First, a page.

The question that many asked back then, was how was it possible for Papandreou to survive politically and physically and return to power, despite all the public ridicule, compounded by his love affair with a much younger air hostess who would soon become his wife, and the collapse of his credibility due to allegations that he had received bribes in diaper boxes. Everybody knew that PASOK had mobilised populist rhetoric in politics, culture and education. Nobody doubted the personal appeal of its founder and leader, who combined the prestige of an American economics professor with the charisma of a popular revolutionary leader. Moreover, the period between 1989 and 1992, which was perceived by many as a postmodern coup, galvanised the cohesion of the party, which had suffered greatly after so many years in power, and eventually undermined the credibility of its opponents. This was a country where the left had suffered deeply at the hands of the royalist right. Thus, it seemed unthinkable that the old culprits could now fraternise with their victims. After all, people could not forget that it was the first PASOK cabinet that had dismissed the older state discourse on the civil war, previously described as terrorism and banditry, and offered rehabilitation to the resistance fighters of the Communist Party.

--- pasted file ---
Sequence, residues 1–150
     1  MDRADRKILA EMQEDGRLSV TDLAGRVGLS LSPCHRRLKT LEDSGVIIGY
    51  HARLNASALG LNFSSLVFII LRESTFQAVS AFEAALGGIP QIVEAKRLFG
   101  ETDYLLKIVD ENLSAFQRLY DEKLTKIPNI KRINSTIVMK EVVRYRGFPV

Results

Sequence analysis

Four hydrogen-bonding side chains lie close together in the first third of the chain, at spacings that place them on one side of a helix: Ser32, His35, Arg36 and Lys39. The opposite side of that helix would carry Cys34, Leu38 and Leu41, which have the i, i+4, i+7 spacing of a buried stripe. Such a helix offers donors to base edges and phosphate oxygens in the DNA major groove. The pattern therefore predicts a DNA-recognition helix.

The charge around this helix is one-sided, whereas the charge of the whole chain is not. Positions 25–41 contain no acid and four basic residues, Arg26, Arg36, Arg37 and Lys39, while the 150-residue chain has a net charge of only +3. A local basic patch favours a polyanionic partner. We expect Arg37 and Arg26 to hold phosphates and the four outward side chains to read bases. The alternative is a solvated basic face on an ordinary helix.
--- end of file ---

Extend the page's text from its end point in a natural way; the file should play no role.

And this was not the full extent of what Andreas Papandreou had managed to do. He had also given voice to a large segment of Greek society, mostly petit bourgeois but also the peasantry, who now enjoyed not only full civic rights (this had already been introduced by the earlier Karamanlis government), but also a feeling that they were the ones who decided the county’s fate. They also enjoyed better salaries, a higher quality of public health and education services and a welfare state that the country had never seen before (and which the current Greek government is demolishing under the pressure of the Troika). All this was also complemented by an anti-imperialist, nationalist discourse that made Papandreou look like a hero among his voters, although Greece never left NATO or the European Community (later European Union), as he had threatened.  All this is indicative of what can be described as a successful project of social engineering. In other words, those who voted for Papandreou in 1989, the diehard 40 per cent, were not aspiring for a better Greece, as had been the case with the 48 per cent of 1981. These were mostly people who had cherished the benefits they received from the changes of the previous eight years. Moreover, their ideology had been shaped by the rhetoric and hegemonic language of politicians who looked very much like them, and who, unlike Papandreou himself and a core group around him, reached prominence thanks to the latter’s inspiring leadership.